The Western Mustangs and Queen's Gaels first met on the football field nearly 90 years ago, on Oct. 19, 1929.
According to Mervin Daub, a former Queen's University football player and author of Gael Force: A Century of Football at Queen's, the men from Kingston won that game 25–2. From that point on, one of the greatest rivalries in Canadian college sports was ignited.
However, the term rivalry implies a two-sided, competitive affair; the meetings between the two football programs have been anything but since 2012. In 2013, the Mustangs won both contests with the Gaels, beating them 50–31 during the regular season before taking home the Yates Cup at Queen's expense, winning by a score of 51–22.
The Mustangs won the regular-season matchup again in 2014, beating the Gaels in dominating fashion en route to a 43–12 win. More of the same came in 2015, when the Mustangs obliterated the Gaels once again, this time by a score of 48–25.
In 2016, the Gaels christened the newly renovated Richardson Stadium with a game against Western. The Mustangs spoiled the party with a 27–13 victory.
This Saturday, the two teams will rekindle their rivalry. On the surface, it would appear that the Mustangs are poised to dominate Queen's once again. At 4–0 this season, Western looks like a Yates Cup contender. The Gaels sit at the opposite end of the standings, currently 0–3 and coming off a 40–17 loss to the Laurier Golden Hawks. Mustangs head coach, Greg Marshall, still expects it to be a good test for his team.
"At the beginning of the year, I thought Queen's would be one of the top three or four teams in the conference," said Marshall. "They're really good on defence — they might be the best defence we've seen so far — and they have a quarterback who can throw and a couple dangerous receivers."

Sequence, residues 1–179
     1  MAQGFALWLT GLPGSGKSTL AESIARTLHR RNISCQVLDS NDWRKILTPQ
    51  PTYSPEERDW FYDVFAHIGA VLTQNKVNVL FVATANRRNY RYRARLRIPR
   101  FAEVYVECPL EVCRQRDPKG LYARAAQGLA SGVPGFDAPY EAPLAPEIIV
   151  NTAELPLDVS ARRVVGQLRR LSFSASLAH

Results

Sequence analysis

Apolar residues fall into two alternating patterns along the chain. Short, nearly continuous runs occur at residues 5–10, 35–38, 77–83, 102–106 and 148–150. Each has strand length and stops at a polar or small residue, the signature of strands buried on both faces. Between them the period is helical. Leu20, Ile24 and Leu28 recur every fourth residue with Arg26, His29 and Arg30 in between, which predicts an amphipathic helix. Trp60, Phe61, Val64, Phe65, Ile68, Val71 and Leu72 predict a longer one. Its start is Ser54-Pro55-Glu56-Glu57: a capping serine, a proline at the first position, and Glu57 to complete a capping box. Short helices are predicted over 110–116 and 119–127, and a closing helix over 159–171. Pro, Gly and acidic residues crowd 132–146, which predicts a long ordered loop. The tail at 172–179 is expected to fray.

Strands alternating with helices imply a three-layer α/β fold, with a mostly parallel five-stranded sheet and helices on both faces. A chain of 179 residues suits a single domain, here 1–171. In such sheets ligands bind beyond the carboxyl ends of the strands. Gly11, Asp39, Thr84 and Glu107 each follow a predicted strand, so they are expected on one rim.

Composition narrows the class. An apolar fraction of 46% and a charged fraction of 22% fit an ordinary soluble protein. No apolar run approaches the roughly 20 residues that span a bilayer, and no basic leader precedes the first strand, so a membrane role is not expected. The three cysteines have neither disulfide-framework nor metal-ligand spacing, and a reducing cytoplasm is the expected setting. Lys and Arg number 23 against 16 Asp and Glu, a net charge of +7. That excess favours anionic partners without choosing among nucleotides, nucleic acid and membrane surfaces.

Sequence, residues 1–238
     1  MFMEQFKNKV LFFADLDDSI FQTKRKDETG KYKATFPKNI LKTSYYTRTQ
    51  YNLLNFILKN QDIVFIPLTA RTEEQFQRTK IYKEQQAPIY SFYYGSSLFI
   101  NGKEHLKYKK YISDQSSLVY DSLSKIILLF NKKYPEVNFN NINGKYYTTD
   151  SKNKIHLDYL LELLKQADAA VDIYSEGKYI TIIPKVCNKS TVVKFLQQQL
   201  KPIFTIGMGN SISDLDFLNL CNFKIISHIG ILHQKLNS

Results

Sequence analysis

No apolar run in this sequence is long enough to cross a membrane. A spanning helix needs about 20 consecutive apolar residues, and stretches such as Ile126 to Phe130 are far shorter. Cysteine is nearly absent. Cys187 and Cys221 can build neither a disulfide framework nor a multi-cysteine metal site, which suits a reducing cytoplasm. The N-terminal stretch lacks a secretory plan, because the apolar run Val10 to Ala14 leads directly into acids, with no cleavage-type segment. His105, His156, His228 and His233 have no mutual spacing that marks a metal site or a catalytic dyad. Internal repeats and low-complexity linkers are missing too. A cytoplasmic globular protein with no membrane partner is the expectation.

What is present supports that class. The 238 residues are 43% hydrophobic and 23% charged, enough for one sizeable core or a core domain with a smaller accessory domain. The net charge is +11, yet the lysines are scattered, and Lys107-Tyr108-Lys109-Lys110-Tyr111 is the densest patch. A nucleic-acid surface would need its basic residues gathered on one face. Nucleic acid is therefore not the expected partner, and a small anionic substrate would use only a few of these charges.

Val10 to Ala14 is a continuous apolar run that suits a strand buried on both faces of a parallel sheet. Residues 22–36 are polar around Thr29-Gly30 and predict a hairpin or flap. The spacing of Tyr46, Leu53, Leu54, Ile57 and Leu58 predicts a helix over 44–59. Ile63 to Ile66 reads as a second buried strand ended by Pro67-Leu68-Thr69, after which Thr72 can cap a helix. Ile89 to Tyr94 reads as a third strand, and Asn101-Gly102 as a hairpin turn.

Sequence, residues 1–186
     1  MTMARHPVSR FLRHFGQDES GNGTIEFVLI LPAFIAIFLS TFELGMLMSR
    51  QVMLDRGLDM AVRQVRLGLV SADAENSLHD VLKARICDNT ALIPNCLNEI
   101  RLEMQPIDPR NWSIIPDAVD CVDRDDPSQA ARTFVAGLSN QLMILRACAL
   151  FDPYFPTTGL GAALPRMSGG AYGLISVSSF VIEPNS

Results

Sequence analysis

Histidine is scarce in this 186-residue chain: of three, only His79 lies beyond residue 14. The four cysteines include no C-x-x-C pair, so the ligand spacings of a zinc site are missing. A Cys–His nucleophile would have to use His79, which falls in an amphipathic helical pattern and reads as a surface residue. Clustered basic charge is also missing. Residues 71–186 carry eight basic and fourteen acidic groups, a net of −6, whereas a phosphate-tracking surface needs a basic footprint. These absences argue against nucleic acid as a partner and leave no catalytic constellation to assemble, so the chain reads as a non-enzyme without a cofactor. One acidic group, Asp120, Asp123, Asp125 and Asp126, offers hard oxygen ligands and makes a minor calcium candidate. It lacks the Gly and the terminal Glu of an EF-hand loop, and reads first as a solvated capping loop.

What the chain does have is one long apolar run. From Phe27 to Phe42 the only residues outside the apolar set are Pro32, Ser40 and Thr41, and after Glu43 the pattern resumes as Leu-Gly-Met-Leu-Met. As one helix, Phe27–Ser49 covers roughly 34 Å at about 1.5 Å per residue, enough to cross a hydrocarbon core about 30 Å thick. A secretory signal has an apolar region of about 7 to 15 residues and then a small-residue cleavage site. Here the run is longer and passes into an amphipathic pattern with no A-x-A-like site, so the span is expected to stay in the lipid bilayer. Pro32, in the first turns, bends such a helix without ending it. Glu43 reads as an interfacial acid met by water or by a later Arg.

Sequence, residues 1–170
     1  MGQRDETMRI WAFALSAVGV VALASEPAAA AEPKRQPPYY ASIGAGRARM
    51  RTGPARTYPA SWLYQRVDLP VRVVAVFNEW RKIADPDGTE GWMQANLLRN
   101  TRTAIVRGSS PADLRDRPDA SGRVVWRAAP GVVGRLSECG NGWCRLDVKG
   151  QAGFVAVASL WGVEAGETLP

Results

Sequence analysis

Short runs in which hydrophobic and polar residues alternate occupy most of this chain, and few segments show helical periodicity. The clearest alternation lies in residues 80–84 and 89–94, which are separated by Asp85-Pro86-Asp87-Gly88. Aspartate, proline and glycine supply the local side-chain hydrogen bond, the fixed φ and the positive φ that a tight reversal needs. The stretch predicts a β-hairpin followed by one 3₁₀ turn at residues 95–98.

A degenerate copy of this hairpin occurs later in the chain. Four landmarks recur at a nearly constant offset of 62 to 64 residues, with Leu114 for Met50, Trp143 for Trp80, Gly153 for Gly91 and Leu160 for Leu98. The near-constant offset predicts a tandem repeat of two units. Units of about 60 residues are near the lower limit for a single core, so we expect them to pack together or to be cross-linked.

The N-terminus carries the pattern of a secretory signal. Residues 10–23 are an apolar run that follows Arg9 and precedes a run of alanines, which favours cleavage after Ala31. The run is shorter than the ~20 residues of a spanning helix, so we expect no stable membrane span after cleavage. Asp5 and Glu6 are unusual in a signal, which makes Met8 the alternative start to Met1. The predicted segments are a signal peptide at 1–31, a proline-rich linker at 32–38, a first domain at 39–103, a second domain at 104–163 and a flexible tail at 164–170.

The Mustangs offence will have an opportunity to measure themselves against one of the elite defences in the province. Despite their winless record, the Gaels defence has looked tenacious so far, holding Carleton University to 22 points and the University of Ottawa to 14 points.
On the other side of the ball, the Mustangs defence looks to continue their domination of the OUA against a mediocre Queen's offence. The Gaels ranked sixth in the conference in passing yards per game (253.7) and eighth in rushing yards per game (116.0).
The Mustangs defence has allowed only 172 passing yards per game and 80 rushing yards per game. Queen's will need to prepare for a fight in the trenches if they hope for any chance of leaving London with the upset.
As Marshall points out, the Mustangs defence has been so dominant largely due to their experience. Their success through the first four games of the season hasn't surprised Marshall at all.
"We only lost a couple starters on defence — a couple good ones mind you, in John Biewald and Rupert Butcher — but we really thought that our linebacker core would be experienced and really strong," said Marshall. "We had a couple really good players coming back in the defensive secondary as well."
Despite the on-paper disparities between the two teams, a rivalry game is a rivalry game. The animosity between the two schools, however abstract it may be, is palpable on gamedays. The Gaels will be hungry to shock the Canadian college football world.
For Marshall however, it's just another game — albeit a significant game — but just another step for a team that hopes to compete for a national title in November.
"We've always had a great rivalry with Queen's," said Marshall. "But we have rivalries with everyone too, so it feels like every week it's a big game with someone."
The game kicks off on Saturday at 7 p.m. at TD Stadium.